BONELA responds to Mma Tshireletso on sex workers

In the night: Sex workers are constantly subjected to abuse by their customers
In the night: Sex workers are constantly subjected to abuse by their customers

The Botswana Network on Ethics, Law and HIV/AIDS (BONELA) and Sisonke Association of Botswana, (sex-worker led organisation), wishes to expresses its views on Assistant Minister of local Government and Rural Government, Botlogile Tshireletso on her statement covered by The Monitor dated Janurary, 26 2015 titled “It Takes Two To Tango”.

In the article, it is reported that Honourable Assistant Minister of the Ministry of Local Government and Rural Development; Botlogile Tshireletso spoke about  dangers faced by  sex workers  in their line of work. She is reported to have recognized and acknowledged that, sex workers are in need of safety from those that abuse them and use them without payment. Further, she recognised them as human beings in need of protection which demonstrate inclusiveness and a helping hand to another human being.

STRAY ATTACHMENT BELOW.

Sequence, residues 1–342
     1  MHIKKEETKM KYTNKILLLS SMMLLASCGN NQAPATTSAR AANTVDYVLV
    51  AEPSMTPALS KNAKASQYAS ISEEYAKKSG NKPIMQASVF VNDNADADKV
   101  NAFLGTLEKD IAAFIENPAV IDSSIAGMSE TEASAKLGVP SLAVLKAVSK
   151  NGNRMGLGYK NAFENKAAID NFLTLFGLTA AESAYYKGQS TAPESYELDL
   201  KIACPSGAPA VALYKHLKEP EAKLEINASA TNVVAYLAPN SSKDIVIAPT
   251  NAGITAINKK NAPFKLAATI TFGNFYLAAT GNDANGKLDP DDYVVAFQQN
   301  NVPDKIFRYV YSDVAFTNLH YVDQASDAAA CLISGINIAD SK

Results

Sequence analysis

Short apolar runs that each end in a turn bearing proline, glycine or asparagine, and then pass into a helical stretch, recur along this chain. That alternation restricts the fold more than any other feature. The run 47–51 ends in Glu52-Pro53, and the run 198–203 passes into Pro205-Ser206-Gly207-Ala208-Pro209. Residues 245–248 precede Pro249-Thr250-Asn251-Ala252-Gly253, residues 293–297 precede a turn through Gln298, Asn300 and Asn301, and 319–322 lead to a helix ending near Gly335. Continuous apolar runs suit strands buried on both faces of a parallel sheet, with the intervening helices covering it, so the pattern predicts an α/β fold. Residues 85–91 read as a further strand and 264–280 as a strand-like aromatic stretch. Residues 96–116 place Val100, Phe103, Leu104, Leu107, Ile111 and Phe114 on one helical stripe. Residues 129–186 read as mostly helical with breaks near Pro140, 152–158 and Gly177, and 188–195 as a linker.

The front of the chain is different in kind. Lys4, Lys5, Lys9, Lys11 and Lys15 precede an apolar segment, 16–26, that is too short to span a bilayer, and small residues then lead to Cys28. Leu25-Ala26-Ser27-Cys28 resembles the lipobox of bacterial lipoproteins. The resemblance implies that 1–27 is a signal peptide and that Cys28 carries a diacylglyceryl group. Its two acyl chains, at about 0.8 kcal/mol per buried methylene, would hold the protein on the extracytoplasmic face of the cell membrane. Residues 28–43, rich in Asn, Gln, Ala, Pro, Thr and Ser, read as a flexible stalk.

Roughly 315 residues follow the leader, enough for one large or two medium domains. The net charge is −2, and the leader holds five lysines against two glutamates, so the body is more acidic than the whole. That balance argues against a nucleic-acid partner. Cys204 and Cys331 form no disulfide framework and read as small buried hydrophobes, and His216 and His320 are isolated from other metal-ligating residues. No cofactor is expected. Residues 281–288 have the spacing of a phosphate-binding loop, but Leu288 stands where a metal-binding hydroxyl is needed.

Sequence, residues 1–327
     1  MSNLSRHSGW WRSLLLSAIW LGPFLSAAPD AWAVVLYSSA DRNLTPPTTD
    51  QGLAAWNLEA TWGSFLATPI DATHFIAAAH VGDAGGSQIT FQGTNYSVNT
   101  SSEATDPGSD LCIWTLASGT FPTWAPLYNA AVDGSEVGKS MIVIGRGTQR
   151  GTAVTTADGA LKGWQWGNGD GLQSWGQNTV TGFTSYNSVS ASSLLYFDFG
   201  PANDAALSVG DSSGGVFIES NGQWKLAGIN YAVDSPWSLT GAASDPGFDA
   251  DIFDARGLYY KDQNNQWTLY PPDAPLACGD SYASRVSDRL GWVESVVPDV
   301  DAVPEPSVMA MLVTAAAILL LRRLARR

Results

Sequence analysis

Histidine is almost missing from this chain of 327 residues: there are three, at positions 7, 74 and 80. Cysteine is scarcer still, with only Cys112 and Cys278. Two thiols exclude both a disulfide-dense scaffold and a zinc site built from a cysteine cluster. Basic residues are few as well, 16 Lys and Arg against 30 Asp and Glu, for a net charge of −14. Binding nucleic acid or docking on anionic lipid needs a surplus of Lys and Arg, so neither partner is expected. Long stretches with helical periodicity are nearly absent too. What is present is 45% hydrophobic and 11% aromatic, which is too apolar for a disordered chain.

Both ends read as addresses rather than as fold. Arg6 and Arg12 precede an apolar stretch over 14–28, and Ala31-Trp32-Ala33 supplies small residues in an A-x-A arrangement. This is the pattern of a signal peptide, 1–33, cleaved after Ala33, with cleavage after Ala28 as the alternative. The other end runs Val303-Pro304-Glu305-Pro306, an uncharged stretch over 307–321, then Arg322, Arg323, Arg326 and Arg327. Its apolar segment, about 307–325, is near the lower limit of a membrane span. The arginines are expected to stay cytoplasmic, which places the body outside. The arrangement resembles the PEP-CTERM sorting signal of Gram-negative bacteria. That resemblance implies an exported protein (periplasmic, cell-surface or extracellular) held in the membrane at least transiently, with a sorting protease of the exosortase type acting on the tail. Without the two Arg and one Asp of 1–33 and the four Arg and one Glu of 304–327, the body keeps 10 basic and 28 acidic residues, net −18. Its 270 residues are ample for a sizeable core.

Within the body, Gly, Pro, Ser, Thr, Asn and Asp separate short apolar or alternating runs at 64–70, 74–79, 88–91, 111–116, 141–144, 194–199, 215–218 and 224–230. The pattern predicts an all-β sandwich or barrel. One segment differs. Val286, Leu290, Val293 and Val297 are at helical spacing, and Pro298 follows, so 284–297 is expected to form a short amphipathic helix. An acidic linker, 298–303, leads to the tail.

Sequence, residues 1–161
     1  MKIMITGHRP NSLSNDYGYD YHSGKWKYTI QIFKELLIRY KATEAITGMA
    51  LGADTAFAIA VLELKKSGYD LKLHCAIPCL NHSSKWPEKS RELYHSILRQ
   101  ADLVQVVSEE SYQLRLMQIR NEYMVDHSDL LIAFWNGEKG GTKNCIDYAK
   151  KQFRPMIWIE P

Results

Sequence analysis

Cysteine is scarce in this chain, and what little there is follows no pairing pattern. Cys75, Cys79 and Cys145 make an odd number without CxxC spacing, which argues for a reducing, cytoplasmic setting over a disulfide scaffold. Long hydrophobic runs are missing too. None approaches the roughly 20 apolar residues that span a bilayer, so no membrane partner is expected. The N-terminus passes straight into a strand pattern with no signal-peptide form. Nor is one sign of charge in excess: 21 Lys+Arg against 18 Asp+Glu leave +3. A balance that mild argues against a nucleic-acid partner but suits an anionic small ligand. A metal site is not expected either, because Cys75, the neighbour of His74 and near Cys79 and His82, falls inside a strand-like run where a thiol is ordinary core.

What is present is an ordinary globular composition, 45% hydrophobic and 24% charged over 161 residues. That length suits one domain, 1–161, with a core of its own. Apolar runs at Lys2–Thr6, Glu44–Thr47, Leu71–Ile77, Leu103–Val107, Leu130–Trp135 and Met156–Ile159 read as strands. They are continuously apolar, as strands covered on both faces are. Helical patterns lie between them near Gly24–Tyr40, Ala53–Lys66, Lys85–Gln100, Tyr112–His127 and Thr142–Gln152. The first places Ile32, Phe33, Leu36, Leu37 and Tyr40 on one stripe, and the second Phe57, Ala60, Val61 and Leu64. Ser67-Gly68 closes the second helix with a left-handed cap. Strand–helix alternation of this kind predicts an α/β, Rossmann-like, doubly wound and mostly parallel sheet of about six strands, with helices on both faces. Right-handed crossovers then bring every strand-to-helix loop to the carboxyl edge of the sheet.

As a human rights organisation, BONELA finds it commendable that a high ranking official is conversant with issues affecting women and in particular, sex workers. BONELA applaud such public statements and emphasize that, sex workers need to be treated as human beings and be availed optimal health services and protection by the law.

Undoubtedly, for Botswana to reach its Vision 2016 goals; progressive and transformational leaders such as Mma Tshireletso who think outside the box, on health and human rights issues, are needed to facilitate access to services and utility of the same. The vision to protect key populations is enabled by an open dialogue as it is the only way to helping us as a country to address issues of HIV prevention, treatment, care and support for sex workers and ensure that we get to zero new HIV infections by 2016.  Botswana criminalizes sex work through Sections 154 and 155 of the Penal Code. These carry sanctions relating to solicitation, knowingly living on the earnings of prostitution, brothel keeping and restrictions against loitering. It is increasingly becoming clear that other cross cutting issues of human rights violations, stigma and discrimination, gender based violence, poverty and HIV are placing sex workers at risk of HIV infection, extortion and violence in the hands of service providers, their customers and the general public. This can only push sex workers under ground and deter them to access services, we therefore appeal to policy makers to address these issues.


For more information contact:

Keikantse E. Phele, Legal Advisor, [email protected] and [email protected]

Felistus Motimedi, Programmes Manager, [email protected]  BONELA

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